A federal court case and seafood watch strike dual blows on the industry
BAR HARBOR—Many locals are purposefully wearing red today to show their support of the lobster industry after the Monterey Bay Aquarium Seafood Watch lowered North American lobster to a “red/avoid” status because the industry may impact North American right whales on September 5.
The organization has four possibilities for recommended purchases of seafood that range from best choice to avoid. Along with North American lobsters, Canadian snowshoe crabs and fish such as European anchovies, black seabream, channel catfish, pollock, Atlantic salmon, sardines, and Atlantic cod are on that avoid/red list.
The website reads:
“American lobster caught in the U.S. Atlantic (Gulf of Maine and Georges Bank fishery) with pots should be avoided. This fishery poses a risk to overfished or at-risk species, including endangered North Atlantic right whales. Entanglement in fishing gear is the leading cause of serious injury and death to North Atlantic right whales. As a result, bycatch management is rated ineffective for all pot and set gillnet fisheries operating within the North Atlantic right whale’s range because current management measures do not go far enough to mitigate entanglement risks and promote recovery of the species. Pots typically have fewer impacts on habitat, but the cumulative effects of large-scale fishing are likely underestimated. Some measures to protect the ecosystem have been implemented, but stronger policies are needed to protect American lobster’s role in the food web. The Gulf of Maine and Georges Bank stock is healthy, and overfishing isn’t occurring.”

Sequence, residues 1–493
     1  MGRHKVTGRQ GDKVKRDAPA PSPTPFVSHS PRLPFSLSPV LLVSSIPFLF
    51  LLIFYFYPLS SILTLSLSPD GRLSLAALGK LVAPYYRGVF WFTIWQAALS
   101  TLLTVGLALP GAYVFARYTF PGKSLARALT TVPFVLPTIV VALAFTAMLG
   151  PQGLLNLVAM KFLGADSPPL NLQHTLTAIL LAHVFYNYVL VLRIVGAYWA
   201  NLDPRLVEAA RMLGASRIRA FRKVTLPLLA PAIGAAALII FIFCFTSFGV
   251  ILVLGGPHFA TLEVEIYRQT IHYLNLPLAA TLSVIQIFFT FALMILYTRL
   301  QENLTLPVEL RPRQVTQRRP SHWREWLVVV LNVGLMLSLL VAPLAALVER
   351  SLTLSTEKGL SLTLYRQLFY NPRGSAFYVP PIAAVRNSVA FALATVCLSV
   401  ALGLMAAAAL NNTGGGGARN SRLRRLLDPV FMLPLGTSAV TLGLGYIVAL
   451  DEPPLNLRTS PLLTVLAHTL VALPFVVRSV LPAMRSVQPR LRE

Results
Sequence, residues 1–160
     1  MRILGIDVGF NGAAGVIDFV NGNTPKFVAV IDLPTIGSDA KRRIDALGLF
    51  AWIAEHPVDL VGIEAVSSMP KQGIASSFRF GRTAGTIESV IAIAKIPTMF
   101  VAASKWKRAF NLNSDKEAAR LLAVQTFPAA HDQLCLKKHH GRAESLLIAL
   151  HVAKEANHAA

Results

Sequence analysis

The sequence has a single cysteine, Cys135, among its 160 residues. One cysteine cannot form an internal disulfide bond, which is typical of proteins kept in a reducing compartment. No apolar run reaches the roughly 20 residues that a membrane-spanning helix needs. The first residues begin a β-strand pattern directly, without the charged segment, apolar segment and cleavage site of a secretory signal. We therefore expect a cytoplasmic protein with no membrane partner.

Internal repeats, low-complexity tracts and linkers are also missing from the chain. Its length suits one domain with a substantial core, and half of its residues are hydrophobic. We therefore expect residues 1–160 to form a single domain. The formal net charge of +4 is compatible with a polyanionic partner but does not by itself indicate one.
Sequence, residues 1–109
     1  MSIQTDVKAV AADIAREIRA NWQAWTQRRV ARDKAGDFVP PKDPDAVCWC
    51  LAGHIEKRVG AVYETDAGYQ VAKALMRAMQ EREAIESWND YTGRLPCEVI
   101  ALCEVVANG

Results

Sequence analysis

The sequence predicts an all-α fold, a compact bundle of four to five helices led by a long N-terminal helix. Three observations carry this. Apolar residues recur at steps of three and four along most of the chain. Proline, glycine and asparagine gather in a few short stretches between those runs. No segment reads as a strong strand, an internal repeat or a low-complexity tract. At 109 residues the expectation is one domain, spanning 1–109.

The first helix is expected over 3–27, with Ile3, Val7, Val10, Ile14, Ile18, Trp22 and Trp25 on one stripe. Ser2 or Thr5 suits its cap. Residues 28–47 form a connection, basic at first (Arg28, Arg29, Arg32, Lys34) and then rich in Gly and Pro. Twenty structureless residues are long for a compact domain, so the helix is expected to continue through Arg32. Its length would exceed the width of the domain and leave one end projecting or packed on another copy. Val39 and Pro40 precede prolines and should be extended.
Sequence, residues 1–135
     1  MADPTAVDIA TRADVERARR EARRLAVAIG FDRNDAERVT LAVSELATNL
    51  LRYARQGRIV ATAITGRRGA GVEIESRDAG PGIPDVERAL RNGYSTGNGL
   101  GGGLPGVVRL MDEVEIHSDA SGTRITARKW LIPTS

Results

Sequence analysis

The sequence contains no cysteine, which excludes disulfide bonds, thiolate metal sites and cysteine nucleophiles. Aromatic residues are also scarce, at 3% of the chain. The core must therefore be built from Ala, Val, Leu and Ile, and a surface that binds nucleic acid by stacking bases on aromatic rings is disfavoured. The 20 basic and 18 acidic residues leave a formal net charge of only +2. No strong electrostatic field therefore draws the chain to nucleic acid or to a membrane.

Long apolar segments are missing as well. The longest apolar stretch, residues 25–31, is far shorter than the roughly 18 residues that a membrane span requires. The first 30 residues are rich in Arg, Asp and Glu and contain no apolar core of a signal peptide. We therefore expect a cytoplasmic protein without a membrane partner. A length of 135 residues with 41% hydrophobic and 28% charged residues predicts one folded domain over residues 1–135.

At the same time, Maine’s state government and industry are appealing a federal court decision by U.S. District Court Judge James E. Boasberg that refused the industry to postpone restrictions that are meant to help keep right whales safe (Maine Lobstermen’s Association Inc. v. National Marine Fisheries Service et al, U.S. District Court for the District of Columbia, case No. 21-2509.)
The Maine Lobstermen’s Association said that the decision “failed Maine’s lobster industry” and that it was clear that the court nor the National Marine Fisheries Service realized, “The devastating impacts their decisions will have on the Maine lobster industry, our coastal communities and the state of Maine.”
The MDI RSS Superintendent Michael Zboray sent out the following statement to the school community on Thursday, September 22.